A Theory of Shopping offers a highly original perspective on one of our most basic everyday activities - shopping. We commonly assume that shopping is primarily concerned with individuals and materialism. But Miller rejects this assumption and follows the surprising route of analysing shopping by means of an analogy with anthropological studies of sacrificial ritual. He argues that the act of purchasing goods is almost always linked to other social relations, and most especially those based on love and care.
The ethnographic sections of the book are based on a year's study of shopping on a street in North London. This provides the basis for a sensitive description of the issues the shopper confronts when making decisions as to what to buy. Miller develops a theory to account for these observations, arguing that shopping typically consists of three major stages which reflect the three key stages of many rites of sacrifice. In both shopping and sacrifice the ultimate intention is to constitute others as desiring subjects. Finally the book examines certain historical shifts in both subjects and objects of devotion, in particular, ideals of gender and love.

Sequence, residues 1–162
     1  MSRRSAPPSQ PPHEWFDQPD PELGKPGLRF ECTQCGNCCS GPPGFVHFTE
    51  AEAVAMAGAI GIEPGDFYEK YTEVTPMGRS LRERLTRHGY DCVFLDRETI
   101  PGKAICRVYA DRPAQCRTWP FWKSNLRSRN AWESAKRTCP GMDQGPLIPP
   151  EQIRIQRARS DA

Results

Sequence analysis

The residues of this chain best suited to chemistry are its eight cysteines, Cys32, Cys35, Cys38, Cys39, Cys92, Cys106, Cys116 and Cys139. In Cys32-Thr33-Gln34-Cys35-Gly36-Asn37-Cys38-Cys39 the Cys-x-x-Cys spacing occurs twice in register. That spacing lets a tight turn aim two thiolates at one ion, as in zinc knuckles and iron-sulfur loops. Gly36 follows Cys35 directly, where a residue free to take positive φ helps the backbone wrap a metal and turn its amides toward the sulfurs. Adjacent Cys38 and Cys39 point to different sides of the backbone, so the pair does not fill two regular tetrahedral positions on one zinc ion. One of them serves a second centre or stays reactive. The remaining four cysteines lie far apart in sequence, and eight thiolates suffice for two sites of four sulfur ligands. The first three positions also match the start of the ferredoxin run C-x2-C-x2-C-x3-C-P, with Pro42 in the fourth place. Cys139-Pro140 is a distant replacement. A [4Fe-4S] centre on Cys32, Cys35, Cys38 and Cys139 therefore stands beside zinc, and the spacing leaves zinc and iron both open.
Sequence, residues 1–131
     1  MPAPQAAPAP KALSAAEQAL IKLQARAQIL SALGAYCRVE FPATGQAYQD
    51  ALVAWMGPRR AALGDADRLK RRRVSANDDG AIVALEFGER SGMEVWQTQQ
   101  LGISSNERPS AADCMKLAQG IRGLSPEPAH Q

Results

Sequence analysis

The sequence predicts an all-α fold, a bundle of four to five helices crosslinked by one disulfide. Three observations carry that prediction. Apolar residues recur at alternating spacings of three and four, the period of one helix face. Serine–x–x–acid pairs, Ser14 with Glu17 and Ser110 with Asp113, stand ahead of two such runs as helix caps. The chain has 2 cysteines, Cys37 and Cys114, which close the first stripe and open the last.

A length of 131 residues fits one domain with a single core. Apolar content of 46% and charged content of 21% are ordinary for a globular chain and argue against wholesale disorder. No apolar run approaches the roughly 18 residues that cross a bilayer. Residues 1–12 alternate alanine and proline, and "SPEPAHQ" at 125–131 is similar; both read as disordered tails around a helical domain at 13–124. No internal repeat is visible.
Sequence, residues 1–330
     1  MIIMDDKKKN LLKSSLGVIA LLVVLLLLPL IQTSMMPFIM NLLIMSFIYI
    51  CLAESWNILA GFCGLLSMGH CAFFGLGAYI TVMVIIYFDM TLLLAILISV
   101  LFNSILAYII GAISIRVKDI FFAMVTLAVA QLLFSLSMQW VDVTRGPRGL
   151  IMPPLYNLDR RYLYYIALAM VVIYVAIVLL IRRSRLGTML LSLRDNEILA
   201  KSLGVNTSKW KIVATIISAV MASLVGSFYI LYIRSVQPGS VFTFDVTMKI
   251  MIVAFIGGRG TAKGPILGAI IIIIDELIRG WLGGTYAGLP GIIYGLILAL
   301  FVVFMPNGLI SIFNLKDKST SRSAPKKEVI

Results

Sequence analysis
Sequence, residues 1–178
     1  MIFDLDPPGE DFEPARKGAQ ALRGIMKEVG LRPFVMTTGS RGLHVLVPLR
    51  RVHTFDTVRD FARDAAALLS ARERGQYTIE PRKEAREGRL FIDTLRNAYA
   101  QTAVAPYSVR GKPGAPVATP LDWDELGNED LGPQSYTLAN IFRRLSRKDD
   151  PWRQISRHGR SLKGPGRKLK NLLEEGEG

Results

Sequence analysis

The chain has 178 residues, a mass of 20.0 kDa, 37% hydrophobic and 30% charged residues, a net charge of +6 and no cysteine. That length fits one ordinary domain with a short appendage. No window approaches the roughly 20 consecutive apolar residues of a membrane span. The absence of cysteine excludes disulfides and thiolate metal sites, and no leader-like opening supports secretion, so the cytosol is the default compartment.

This treatment of shopping from the perspective of comparative anthropology represents a highly innovative approach to one of the most familiar tasks of our daily lives. Written in a clear and accessible manner, this book will be of interest to students and academics in anthropology, sociology and cultural studies, as well as anybody who wants to consider more deeply the nature of their own everyday activities.